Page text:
Scientists have managed to successfully create a mass production platform that is biologically accurate which can overcome some of the biggest barriers for bioengineering human liver tissues that can be used for transplant into people.
The Yokohama City University in Japan and Children’s Centre for Stem Cell and Organoid Medicine in Cincinnati gave a report on December 5. Takanori Takebe MD is the lead investigator of the study and an investigator and physician at both of the institutions.
Scientists Have Been Able to Bioengineer Batches of 20,000 3D Liver Micro-buds
In the past, scientists have faced challenges that have nagged them with bioengineering human organs which effective and safe for therapeutic use said Takebe. Now thanks to the new process researchers can bioengineer single batches of as many as 20,000 3D genetically matched highly functional liver micro-buds.
When these are put together, it means the batch has enough liver cells along with size to be able to be transplanted into a person who has liver failure or they can be used for drug testing. The liver tissues are generated solely from iPSCs, which are human induced pluripotent stem cells, and this means that no animal feeder by-products have to be used in the process when making the cells for research uses. Previously this had been one of the biggest barriers to scientists being able to use the cells therapeutically.
Study Will Help People with Final Stage Liver Disease In The Future
Lead investigator Takebe said that as they are able to overcome issues in the generation of 3D liver buds that are highly functional, the production process is close to complying with the standards, which are clinical grade. He went on to say that this would allow them to help people who have liver disease in the final stage. Takebe said that the goal was to be able to save children who needed to undergo a liver transplant as they would be able to overcome any shortage of donors.
The researchers did say that before any clinical trials could get underway more research is needed and the process needs refining. The estimation for this is within the next two years, five at the most. The work on the production process has been thanks to a team of international scientists, with the majority coming from Cincinnati and Japan. Studies undertaken over the past five years have made progress continually in regards to defining genetic and molecular blueprints that are precise, which are needed to copy natural human development. This is going to allow the researchers to make 3D mini-livers that are functional in the laboratory.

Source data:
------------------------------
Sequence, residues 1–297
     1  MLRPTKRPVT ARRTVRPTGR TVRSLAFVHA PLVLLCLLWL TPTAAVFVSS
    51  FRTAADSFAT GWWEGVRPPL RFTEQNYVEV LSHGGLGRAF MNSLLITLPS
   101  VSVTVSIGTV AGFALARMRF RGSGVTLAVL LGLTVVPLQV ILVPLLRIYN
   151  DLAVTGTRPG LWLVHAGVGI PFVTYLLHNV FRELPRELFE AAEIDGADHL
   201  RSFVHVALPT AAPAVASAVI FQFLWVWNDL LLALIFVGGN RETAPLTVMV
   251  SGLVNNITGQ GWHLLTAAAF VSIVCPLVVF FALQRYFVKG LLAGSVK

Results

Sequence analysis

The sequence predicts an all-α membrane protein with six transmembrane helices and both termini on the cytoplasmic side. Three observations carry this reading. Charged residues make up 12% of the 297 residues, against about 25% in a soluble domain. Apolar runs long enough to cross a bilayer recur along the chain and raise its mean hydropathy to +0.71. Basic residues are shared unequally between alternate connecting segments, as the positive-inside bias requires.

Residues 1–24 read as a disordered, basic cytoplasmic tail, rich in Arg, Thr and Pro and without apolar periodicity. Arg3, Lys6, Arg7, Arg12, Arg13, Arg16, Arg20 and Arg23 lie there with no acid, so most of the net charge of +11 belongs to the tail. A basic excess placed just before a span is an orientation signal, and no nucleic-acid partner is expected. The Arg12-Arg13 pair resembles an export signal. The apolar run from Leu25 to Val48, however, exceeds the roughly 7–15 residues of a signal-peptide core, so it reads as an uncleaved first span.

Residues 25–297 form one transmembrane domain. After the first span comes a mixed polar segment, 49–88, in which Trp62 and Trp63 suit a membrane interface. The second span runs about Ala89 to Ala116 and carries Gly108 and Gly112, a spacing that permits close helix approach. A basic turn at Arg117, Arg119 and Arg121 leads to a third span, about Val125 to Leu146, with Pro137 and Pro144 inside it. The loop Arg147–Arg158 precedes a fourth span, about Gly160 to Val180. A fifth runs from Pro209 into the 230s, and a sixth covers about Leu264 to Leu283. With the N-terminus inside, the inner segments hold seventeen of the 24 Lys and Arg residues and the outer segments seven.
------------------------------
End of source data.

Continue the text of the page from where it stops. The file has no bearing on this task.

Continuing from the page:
For Takebe and the researchers to be able to overcome the issue of animal-product feeder cells, they made use of a formula of molecular and genetic components that had been fine-tuned. They used a U-shaped bottom micro-well cell plate that had been custom designed thanks to chemistry techniques that allowed them to make a structured film that was fine in the micro-wells, that was able to nurture the liver buds as they developed.
Prior To This Scientists Had To Rely On Donors to Grow Liver Progenitor Cells
Before this, researchers had begun mass production by making use of iPSCs that came from donors to grow the three different types of liver progenitor cells that had been needed to make the healthy livers. Researchers used endothelial, hepatic endoderm and septum mesenchyme cells. The data from the study revealed that the progenitor cells were robust and highly functional and were put into the micro-wells, with the cells engaging in high levels of cross-communication on a molecular level to form into 3D liver buds that are self-organizing.
The scientists generated more than 20,000 live microspots in each of the wells, and they were capable of reaching a therapeutically viable level that was scalable. Scientists tested the 3D tissue functionality in mouse models of liver disease that was genetically programmed, and the functional organs saved the animals from liver disease.
Research Paper: linkinghub.elsevier.com/…
Scientists have managed to successfully create a mass production platform that is biologically accurate which can overcome some of the biggest barriers for bioengineering human liver tissues that can be used for transplant into people. The Yokohama City University in Japan and Children’s Centre for Stem Cell and Organoid Medicine in Cincinnati gave a report on December 5.